options. Increasing the trigger price of a gap put option above its strike price introduces

negative payoffs. Decreasing the trigger price of a gap put option below its strike price

cuts off some of the positive payoffs.

If a gap call option and a gap put option both have a trigger price of K 2 and a strike price

of K1 , then the purchase of a gap call option and the sale of a gap put option is certain to

result in a payoff of:

ST - K1

Exam MFE/3F Chapter 14 – Exotic Options: I

To see that this is the case, observe that if ST > K 2 , then the gap put option has a payoff

of zero. But if ST < K 2 , then the gap call option has a payoff of zero and the payoff of the

gap put option is:

-( K1 - ST ) = ST - K1

The current value of this payoff is the prepaid forward price of the stock minus the

present value of the strike price, and this can also be expressed as the value of the gap

call minus the value of the gap put:

In the Key Concept below, this equation is rearranged into the familiar form for put-call

parity.

If a gap call option and a gap put option have the same strike price of K1 and also have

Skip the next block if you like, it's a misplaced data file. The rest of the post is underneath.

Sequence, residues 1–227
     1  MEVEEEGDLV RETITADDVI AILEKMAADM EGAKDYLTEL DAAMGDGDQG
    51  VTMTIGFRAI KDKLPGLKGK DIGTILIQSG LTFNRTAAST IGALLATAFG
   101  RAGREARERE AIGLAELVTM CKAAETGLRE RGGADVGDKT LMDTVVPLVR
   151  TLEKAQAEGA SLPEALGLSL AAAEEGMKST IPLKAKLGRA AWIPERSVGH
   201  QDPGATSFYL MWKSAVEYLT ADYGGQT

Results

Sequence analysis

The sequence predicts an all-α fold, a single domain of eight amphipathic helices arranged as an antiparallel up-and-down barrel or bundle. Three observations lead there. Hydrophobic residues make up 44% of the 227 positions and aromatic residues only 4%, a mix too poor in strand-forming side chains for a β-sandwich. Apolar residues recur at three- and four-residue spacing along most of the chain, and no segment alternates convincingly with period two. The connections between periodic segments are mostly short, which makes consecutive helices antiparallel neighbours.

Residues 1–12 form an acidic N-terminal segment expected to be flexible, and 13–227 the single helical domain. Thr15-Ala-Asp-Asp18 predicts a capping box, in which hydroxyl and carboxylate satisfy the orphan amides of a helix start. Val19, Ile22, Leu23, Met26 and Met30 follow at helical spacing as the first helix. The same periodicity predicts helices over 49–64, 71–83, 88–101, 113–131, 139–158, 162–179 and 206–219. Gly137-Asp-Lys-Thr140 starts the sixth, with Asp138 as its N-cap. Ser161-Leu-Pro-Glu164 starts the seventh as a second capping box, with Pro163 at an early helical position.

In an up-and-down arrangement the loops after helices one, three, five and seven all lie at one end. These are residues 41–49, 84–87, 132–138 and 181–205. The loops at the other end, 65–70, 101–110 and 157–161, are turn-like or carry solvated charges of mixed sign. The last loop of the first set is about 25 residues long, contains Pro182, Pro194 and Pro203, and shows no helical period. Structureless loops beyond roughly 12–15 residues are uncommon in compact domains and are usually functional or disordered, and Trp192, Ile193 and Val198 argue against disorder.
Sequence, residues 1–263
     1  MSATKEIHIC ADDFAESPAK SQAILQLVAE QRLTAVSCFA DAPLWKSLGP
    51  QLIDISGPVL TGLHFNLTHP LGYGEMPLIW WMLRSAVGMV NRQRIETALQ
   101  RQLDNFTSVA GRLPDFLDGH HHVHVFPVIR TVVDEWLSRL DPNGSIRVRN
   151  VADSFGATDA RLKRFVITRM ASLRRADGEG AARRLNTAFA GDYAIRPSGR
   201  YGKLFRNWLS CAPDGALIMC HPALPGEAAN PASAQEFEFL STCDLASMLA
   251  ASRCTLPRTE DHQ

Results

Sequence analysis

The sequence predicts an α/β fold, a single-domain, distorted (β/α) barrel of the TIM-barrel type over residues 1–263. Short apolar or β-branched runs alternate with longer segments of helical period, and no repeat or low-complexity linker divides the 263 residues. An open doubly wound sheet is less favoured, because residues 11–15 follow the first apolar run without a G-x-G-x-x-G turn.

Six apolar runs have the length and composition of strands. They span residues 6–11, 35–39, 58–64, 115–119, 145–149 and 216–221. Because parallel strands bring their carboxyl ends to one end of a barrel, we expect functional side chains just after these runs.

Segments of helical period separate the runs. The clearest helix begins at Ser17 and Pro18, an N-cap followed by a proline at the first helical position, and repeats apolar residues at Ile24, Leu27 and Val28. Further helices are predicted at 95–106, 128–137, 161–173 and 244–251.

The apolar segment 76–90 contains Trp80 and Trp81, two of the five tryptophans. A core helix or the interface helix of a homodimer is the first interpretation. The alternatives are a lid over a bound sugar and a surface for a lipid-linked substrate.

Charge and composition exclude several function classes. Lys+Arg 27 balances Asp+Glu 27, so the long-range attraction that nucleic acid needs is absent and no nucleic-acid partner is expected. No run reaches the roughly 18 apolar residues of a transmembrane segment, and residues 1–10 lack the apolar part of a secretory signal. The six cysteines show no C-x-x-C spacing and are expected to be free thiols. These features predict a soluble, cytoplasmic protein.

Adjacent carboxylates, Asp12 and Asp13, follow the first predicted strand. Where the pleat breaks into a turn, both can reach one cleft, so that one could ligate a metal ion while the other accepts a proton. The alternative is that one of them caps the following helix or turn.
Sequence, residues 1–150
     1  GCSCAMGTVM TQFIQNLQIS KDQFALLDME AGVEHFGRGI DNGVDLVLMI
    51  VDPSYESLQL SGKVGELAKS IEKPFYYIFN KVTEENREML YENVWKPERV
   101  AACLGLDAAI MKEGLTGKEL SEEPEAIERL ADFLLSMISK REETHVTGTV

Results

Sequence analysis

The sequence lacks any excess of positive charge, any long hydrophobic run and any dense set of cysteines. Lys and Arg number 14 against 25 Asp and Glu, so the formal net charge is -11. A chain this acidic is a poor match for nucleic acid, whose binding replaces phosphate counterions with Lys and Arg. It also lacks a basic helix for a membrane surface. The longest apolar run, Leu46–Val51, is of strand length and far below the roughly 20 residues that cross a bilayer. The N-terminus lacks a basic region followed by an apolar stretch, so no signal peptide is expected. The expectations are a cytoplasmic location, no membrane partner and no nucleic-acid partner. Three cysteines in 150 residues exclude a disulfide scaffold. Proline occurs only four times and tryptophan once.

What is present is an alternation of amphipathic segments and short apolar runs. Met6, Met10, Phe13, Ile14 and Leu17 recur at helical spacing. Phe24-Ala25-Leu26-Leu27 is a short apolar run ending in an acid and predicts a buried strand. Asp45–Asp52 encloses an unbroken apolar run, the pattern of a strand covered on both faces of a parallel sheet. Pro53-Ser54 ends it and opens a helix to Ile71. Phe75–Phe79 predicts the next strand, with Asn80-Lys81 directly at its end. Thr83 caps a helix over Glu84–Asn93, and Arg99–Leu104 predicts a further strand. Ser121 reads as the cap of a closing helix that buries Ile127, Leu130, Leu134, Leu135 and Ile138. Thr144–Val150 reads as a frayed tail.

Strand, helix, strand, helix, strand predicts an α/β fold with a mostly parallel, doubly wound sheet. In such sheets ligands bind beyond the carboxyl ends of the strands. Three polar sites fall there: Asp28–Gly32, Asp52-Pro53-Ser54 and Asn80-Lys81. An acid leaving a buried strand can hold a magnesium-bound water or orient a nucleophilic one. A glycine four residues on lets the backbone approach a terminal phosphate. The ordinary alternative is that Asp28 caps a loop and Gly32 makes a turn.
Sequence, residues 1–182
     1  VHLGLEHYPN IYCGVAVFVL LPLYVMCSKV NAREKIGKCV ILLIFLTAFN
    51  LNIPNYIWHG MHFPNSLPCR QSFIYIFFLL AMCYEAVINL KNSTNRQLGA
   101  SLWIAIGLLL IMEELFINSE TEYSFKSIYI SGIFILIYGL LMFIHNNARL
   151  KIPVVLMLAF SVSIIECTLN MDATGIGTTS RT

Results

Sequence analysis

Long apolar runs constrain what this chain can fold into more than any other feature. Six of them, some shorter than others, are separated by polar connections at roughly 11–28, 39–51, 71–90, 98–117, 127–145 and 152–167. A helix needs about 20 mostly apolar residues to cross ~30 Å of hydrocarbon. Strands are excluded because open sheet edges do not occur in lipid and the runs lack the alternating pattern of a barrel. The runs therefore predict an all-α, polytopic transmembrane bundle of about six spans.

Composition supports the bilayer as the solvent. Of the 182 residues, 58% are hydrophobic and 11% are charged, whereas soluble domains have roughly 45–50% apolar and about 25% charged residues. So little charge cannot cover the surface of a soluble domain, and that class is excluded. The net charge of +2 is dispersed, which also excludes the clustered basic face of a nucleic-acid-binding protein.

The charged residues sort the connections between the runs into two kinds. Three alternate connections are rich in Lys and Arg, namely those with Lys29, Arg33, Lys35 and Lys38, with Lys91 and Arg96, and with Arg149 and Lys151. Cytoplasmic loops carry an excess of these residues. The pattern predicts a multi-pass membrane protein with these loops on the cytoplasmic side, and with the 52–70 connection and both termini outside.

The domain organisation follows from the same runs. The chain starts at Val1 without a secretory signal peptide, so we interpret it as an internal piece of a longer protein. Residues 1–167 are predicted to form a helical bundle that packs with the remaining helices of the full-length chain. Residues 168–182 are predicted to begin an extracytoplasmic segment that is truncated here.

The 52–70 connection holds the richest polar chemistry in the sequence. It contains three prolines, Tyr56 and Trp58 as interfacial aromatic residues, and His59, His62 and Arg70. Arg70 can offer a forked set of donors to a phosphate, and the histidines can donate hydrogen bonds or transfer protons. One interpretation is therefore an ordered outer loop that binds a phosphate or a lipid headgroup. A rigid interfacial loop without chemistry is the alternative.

the same trigger price, then the gap call price plus the present value of the strike price is

equal to the prepaid forward price of the stock plus the gap put price:

The delta of a gap call is the partial derivative of its price with respect to the stock price:

∂(GapCall ) ∂d ∂d

DGapCall = = e -d T N (d1 ) + Se -d T N '(d1 ) 1 - K1 e -rT N '(d2 ) 2

∂S ∂S ∂S

2 2

-d T -d T e-0.5d1 1 - rT e -0.5d2 1

=e N (d1 ) + Se ¥ - K1 e ¥

2p Ss T 2p Ss T

2 2

Se -d T e-0.5d1 - K1 e -rT e-0.5d2

= e -d T N (d1 ) +

Ss 2p T

Using put-call parity for gap options, we can find the delta of a gap put in terms of the

delta of the corresponding gap call:

GapCall + K1 e - rT = Se -d T + GapPut

DGapCall + 0 = e -d T + DGapPut

DGapPut = DGapCall - e -d T